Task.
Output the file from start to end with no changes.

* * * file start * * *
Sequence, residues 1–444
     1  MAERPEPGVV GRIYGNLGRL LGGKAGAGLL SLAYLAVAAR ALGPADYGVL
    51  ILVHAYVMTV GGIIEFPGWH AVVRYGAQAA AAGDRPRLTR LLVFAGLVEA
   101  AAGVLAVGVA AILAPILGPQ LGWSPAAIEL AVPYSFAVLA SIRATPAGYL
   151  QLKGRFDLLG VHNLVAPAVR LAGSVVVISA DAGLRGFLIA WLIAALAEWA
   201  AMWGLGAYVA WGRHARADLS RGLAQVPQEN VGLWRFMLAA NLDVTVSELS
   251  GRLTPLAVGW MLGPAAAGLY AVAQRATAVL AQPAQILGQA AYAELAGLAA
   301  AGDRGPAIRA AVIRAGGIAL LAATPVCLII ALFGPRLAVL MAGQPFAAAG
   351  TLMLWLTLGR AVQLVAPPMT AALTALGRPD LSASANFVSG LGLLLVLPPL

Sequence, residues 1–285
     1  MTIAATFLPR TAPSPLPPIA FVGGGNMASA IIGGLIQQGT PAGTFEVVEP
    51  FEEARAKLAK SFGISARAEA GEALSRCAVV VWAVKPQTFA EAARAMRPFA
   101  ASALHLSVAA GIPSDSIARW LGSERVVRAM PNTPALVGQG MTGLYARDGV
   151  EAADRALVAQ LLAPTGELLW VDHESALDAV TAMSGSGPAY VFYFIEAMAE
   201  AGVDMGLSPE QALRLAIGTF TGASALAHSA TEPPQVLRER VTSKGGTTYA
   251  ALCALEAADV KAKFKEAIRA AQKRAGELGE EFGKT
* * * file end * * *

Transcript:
Sequence, residues 1–444
     1  MAERPEPGVV GRIYGNLGRL LGGKAGAGLL SLAYLAVAAR ALGPADYGVL
    51  ILVHAYVMTV GGIIEFPGWH AVVRYGAQAA AAGDRPRLTR LLVFAGLVEA
   101  AAGVLAVGVA AILAPILGPQ LGWSPAAIEL AVPYSFAVLA SIRATPAGYL
   151  QLKGRFDLLG VHNLVAPAVR LAGSVVVISA DAGLRGFLIA WLIAALAEWA
   201  AMWGLGAYVA WGRHARADLS RGLAQVPQEN VGLWRFMLAA NLDVTVSELS
   251  GRLTPLAVGW MLGPAAAGLY AVAQRATAVL AQPAQILGQA AYAELAGLAA
   301  AGDRGPAIRA AVIRAGGIAL LAATPVCLII ALFGPRLAVL MAGQPFAAAG
   351  TLMLWLTLGR AVQLVAPPMT AALTALGRPD LSASANFVSG LGLLLVLPPL

Sequence, residues 1–285
     1  MTIAATFLPR TAPSPLPPIA FVGGGNMASA IIGGLIQQGT PAGTFEVVEP
    51  FEEARAKLAK SFGISARAEA GEALSRCAVV VWAVKPQTFA EAARAMRPFA
   101  ASALHLSVAA GIPSDSIARW LGSERVVRAM PNTPALVGQG MTGLYARDGV
   151  EAADRALVAQ LLAPTGELLW VDHESALDAV TAMSGSGPAY VFYFIEAMAE
   201  AGVDMGLSPE QALRLAIGTF TGASALAHSA TEPPQVLRER VTSKGGTTYA
   251  ALCALEAADV KAKFKEAIRA AQKRAGELGE EFGKT